Millennials--loosely defined as those born between 1981 and 1996--are quickly becoming the largest generation, slated to surpass Baby Boomers later this year. But unlike Boomers, many of whom are exiting the workforce with the proverbial three-legged retirement stool at their disposal (i.e. defined benefit plan, defined contribution and personal savings, and Social Security), the majority of Millennials haven’t saved a penny for retirement and likely do not have a pension plan, which makes it critical for plan sponsors to make efforts to increase millennial participation. However, this may not be cause for alarm yet--after all, the youngest Millennials are only 22 years old. However, if this trend continues, this generation could find itself in a bind in another decade or two as retirement begins looming, reducing the benefits of time and compounding, and pensions become less common. The trick to getting your workforce’s youngest members to begin contributing to a retirement plan in earnest lies in just a few key principles. Read on for five ways plan sponsors can increase retirement plan participation rates among their Millennial employees.
1) Offer a Match
One of the easiest ways to encourage participation in a retirement plan is to offer a match--and to make sure your employees know that failure to contribute to at least the match level means leaving additional compensation on the table. A match in combination with an auto enrollment process is an even stronger way of increasing participation levels. Many employers will match employee contributions dollar-for-dollar up to a certain percent, doubling the total amount the employee contributes to retirement while generating a deductible business expense. As an alternative, or to encourage an even higher savings rate, employers may opt to stagger the match--for example, offering a 100% match up to three percent and then a 50% match from three to ten percent. And certain business structures can benefit the most from offering profit-sharing, generating an annual deposit into each employee’s retirement account. By ensuring that even the smallest contribution receives a match, you’ll encourage participation from employees who might otherwise not be able to set any funds aside.
2) Illustrate the Power of Compound Interest
When it comes to generating a hefty retirement nest egg, compound interest and time have far more of an impact than the amount invested. Someone who puts aside $1,000 per month from age 25 to 35 (at 7% annual return rate) will have more than $1.4 million by age 65, whereas someone who sets aside the same amount from age 45 to 55 will end up with just a hair under $375,000 at age 65. Young employees should know that getting an early start on savings, even if they can’t save much, can exponentially increase their future retirement balance.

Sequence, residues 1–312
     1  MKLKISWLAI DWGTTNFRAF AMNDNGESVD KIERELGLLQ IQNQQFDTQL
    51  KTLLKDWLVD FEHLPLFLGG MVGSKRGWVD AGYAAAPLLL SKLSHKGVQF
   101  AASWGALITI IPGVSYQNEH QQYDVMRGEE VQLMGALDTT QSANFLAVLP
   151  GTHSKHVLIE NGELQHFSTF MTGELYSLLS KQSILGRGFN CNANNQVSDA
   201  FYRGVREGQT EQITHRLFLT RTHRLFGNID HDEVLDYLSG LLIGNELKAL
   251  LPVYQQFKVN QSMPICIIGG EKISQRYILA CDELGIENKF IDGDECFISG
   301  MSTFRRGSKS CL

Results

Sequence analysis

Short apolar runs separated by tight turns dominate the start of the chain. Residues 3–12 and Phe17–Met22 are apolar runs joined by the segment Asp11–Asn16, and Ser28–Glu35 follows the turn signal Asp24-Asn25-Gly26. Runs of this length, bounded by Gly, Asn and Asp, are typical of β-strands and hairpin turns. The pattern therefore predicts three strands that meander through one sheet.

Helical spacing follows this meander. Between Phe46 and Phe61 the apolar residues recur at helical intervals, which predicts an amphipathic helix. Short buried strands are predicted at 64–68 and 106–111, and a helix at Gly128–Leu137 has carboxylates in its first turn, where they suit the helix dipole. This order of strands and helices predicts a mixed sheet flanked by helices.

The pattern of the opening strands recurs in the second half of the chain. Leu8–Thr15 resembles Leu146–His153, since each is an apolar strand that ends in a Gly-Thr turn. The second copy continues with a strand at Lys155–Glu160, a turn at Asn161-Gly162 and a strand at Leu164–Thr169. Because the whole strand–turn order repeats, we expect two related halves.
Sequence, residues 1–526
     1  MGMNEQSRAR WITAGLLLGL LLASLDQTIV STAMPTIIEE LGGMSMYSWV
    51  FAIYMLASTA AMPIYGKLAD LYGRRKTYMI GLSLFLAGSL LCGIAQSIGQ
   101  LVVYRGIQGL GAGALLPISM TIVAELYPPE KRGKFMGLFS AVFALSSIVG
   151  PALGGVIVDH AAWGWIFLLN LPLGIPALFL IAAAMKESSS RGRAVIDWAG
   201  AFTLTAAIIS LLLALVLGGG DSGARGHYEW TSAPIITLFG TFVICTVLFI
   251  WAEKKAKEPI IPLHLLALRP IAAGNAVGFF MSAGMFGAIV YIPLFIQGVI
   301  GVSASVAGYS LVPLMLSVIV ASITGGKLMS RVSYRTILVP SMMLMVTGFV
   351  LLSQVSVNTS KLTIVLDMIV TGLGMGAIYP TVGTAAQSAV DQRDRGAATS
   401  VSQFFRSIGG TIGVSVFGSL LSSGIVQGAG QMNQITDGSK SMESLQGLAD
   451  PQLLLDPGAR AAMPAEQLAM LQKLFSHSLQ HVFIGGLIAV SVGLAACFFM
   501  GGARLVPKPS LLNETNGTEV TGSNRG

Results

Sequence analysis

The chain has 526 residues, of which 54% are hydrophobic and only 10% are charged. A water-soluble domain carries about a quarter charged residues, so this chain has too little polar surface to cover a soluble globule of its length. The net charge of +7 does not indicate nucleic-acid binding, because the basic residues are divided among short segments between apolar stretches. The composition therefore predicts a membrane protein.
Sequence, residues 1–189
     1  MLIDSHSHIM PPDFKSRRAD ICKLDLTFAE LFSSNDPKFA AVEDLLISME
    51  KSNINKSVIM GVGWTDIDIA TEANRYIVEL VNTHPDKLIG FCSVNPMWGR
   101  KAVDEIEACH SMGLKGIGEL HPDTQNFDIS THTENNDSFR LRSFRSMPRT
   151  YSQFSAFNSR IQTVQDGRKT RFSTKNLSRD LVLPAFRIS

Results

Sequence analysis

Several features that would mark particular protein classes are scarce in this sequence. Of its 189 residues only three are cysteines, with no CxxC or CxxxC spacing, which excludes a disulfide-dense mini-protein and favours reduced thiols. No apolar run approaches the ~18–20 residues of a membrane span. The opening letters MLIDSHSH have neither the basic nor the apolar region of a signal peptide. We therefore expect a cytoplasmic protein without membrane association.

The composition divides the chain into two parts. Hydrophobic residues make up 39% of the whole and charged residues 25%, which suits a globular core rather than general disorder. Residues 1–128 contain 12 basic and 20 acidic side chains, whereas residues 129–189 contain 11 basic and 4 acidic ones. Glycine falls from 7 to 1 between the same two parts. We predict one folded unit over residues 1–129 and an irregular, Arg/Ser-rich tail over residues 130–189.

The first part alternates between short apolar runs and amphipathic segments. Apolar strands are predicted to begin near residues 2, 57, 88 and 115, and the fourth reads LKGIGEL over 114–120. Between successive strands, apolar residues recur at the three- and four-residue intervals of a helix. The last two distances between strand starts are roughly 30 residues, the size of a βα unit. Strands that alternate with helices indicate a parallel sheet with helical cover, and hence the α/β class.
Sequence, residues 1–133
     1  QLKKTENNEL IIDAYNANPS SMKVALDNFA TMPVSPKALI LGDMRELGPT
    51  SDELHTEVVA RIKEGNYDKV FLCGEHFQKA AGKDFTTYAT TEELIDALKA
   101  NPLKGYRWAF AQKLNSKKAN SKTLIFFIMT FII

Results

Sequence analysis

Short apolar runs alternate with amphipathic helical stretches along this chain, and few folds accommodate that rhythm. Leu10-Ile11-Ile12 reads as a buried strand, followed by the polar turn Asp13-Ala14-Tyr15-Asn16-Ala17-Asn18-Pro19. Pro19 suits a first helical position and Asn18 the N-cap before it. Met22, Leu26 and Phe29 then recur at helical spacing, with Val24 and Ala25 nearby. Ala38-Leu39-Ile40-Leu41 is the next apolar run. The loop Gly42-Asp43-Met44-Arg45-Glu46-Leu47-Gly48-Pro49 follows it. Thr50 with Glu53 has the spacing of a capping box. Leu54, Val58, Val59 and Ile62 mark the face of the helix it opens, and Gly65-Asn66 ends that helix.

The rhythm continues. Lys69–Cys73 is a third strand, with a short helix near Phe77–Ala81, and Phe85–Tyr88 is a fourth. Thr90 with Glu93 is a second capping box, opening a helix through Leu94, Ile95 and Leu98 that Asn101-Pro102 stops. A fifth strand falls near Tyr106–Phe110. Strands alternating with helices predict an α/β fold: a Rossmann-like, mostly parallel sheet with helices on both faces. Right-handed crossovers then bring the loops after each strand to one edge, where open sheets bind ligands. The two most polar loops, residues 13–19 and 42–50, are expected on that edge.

3) Make Eligibility and Portability Easy
Many younger workers aren’t overly focused on retirement to begin with. Forcing them to jump through multiple hoops to enroll in a workplace retirement account or to vest in their “match” funds can often shut them out of the process entirely. Whereas long vesting periods were once the norm, more and more companies are moving toward a shorter vesting period to widen the net of employee plan participants. In addition, allowing part-time employees to contribute to a retirement plan can also significantly increase your plan participation rate.
4) Highlight Tax Advantages of Saving
Putting aside funds in a 401(k), Health Savings Account, or another pre-tax account will often have a modest impact on an employee’s paycheck. Because these tax-advantaged contributions aren’t subject to federal and state income taxes or FICA taxes, the reduction in an employee’s taxable income (and, therefore, a reduction in the tax withheld) can largely offset the additional investment amount withheld. Meanwhile, employees who invest in a Roth 401(k) or Roth IRA on an after-tax basis may see more of a paycheck reduction but will enjoy the hard-to-beat benefit of tax-free growth. It’s impossible to predict future tax rates, so having both pre- and post-tax retirement accounts can provide workers with a hedge against uncertainty.
5) Lower Fees, Increase Returns
The real-life math problems used to demonstrate the power of compound interest all depend on achieving a certain rate of return. Each percentage point paid in plan fees takes a bite out of an investor’s return, and an investment account that earns five percent per year and assesses a one or two percent management fee isn’t likely to even outpace inflation over time. Offering an array of low-fee plans can boost participation and encourage employees to continue contributing as they watch their balances rise over time.
Plan Pilot, February 5, 2019.